However, as our friend Ben was looking for Einstein’s IQ, I came upon something intriguing that I think you’ll enjoy. Listed most frequently as “Einstein’s IQ Test,” it’s actually an exercise in deductive reasoning, aka a puzzle, supposedly invented by Einstein for his students. It presents a hypothetical situation, provides clues, and then poses a question that you’re supposed to answer based on the data you’ve been given. (And yes, it is possible to solve it; our friend Ben did it, but only, I admit, after diagramming it.)

Our friend Ben has no idea if Einstein actually developed this puzzle, or if it somehow became attached to his name in the manner of an urban legend, but I enjoyed working it out and think you will, too. Ready to get started? Here we go:

                Einstein’s Puzzle

The data:

* There are five houses in five different colors.

* In each house lives a person with a different nationality.

* These 5 owners drink a certain type of beverage, smoke a certain type of cigar, and keep a certain type of pet.

* No owners have the same pet, smoke the same brand of cigar, or drink the same drink.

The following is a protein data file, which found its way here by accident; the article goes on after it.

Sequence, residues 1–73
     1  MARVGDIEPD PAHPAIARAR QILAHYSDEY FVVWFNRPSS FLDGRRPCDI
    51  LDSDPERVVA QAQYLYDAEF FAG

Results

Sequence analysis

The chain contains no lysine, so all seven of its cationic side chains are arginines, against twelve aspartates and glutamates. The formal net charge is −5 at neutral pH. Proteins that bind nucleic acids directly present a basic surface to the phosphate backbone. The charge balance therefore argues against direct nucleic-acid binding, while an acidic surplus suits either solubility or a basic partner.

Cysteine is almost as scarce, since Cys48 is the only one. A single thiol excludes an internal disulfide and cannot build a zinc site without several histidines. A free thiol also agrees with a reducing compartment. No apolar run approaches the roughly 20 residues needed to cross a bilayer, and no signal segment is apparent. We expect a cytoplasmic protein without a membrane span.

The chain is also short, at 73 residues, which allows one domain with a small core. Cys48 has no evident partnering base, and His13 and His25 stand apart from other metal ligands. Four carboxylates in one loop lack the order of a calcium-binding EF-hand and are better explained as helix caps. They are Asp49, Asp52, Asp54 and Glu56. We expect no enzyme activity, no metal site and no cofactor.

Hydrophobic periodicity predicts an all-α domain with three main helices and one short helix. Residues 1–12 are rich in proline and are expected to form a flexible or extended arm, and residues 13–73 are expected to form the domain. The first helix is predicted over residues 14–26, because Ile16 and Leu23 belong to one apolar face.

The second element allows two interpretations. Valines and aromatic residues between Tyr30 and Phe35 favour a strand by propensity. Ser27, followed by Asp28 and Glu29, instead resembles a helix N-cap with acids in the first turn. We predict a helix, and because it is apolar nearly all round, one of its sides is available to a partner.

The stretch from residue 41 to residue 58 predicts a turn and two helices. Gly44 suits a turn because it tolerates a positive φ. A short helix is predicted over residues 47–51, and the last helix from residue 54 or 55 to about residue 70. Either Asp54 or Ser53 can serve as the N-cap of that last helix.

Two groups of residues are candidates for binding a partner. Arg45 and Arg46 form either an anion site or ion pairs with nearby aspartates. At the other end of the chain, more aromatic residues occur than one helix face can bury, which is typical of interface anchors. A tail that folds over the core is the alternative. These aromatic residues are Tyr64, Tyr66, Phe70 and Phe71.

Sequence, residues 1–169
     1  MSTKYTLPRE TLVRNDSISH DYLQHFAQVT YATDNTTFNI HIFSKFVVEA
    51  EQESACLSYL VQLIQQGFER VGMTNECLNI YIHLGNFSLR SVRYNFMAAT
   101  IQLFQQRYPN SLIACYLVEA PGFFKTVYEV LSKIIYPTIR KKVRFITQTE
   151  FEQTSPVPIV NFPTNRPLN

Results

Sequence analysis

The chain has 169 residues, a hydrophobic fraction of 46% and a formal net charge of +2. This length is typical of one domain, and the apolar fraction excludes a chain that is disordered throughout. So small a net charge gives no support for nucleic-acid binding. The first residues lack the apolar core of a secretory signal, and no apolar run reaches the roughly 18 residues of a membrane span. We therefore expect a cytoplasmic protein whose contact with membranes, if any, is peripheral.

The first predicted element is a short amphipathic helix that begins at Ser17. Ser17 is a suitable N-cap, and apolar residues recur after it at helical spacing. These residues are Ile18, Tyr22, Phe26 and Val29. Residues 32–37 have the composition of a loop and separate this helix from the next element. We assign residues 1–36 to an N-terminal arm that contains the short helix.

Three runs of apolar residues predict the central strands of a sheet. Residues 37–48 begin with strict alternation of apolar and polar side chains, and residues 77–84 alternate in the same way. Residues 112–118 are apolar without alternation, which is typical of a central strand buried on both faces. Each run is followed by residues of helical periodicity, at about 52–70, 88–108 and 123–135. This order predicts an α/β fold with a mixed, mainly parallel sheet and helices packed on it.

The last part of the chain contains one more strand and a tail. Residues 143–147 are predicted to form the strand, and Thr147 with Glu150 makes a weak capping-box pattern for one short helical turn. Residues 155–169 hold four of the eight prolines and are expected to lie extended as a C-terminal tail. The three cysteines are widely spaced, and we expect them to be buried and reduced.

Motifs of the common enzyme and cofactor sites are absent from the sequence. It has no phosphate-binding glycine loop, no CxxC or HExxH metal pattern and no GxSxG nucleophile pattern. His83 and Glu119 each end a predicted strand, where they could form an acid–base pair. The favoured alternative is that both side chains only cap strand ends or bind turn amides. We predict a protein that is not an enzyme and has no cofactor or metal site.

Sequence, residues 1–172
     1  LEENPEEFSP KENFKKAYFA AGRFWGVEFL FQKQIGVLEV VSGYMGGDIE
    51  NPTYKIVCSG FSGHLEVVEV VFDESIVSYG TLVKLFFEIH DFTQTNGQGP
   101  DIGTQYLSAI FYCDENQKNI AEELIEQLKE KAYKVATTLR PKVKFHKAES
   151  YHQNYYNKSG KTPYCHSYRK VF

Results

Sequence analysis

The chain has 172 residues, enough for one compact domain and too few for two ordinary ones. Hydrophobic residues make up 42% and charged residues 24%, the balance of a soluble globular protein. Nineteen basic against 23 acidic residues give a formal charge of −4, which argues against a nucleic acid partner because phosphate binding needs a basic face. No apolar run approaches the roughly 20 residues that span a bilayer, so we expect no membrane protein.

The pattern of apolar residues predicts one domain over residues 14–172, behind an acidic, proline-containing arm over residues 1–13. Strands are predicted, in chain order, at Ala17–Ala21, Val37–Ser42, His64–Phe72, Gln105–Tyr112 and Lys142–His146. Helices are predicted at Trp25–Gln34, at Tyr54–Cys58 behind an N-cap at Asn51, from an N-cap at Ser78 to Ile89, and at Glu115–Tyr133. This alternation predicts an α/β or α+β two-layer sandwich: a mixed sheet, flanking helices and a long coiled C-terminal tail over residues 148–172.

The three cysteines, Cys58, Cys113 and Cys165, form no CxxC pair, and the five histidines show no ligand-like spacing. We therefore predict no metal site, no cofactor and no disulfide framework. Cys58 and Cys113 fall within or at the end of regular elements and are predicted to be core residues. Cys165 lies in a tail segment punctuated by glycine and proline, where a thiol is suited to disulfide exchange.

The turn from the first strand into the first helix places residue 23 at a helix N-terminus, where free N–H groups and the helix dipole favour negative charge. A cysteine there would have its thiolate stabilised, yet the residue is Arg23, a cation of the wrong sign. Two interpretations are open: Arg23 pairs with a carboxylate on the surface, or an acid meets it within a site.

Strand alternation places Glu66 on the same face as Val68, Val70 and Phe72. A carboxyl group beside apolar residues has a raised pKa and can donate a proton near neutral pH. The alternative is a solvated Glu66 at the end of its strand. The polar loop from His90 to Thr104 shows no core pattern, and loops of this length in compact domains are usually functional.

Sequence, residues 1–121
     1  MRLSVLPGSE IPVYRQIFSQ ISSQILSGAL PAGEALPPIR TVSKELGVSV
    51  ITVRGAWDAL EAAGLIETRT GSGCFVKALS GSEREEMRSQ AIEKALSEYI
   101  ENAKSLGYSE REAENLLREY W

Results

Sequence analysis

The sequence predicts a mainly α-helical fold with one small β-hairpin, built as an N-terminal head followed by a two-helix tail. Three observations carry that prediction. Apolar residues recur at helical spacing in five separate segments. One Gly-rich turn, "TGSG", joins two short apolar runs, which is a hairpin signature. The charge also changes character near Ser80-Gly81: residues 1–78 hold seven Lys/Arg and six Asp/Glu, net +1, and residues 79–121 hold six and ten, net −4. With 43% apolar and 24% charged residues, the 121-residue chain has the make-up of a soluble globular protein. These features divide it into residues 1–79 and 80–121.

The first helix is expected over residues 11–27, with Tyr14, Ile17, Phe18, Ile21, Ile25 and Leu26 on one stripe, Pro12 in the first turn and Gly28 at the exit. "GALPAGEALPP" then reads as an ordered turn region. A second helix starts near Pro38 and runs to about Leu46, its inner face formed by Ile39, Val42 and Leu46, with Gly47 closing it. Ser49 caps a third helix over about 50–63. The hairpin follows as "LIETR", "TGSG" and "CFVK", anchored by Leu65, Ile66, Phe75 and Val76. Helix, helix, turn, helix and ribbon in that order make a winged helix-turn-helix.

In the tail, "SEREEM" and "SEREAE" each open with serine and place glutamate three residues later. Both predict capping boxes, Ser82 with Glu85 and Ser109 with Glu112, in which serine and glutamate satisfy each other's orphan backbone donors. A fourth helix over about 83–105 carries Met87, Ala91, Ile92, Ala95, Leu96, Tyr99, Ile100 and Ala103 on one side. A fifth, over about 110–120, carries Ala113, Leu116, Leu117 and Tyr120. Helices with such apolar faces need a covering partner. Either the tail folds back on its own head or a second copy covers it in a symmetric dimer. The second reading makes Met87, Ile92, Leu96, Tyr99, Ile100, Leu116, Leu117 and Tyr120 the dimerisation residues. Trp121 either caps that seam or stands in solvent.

The question:

Who keeps fish?

The clues:

1. The Brit lives in a red house

2. The Swede keeps dogs as pets

3. The Dane drinks tea

4. The green house is on the left of the white house

5. The green house owner drinks coffee

6. The person who smokes Pall Mall keeps birds

7. The owner of the yellow house smokes Dunhill

8. The person living in the house right in the middle drinks milk

9. The Norwegian lives in the first house

10. The person who smokes Blend lives next door to the one who keeps cats

11. The person who keeps horses lives next door to the one who smokes Dunhill

12. The owner who smokes Blue Master drinks beer

13. The German smokes Prince

14. The Norwegian lives next to the blue house

15. The person who smokes Blend has a neighbor who drinks water

Have fun and good luck! Remember, the point of the exercise is to determine who keeps fish. You can do it! (And no, there’s no “score” or IQ ranking associated with this puzzle, which is why our friend Ben was puzzled—pardon the pun—as to why it’s known as “Einstein’s IQ Test.”)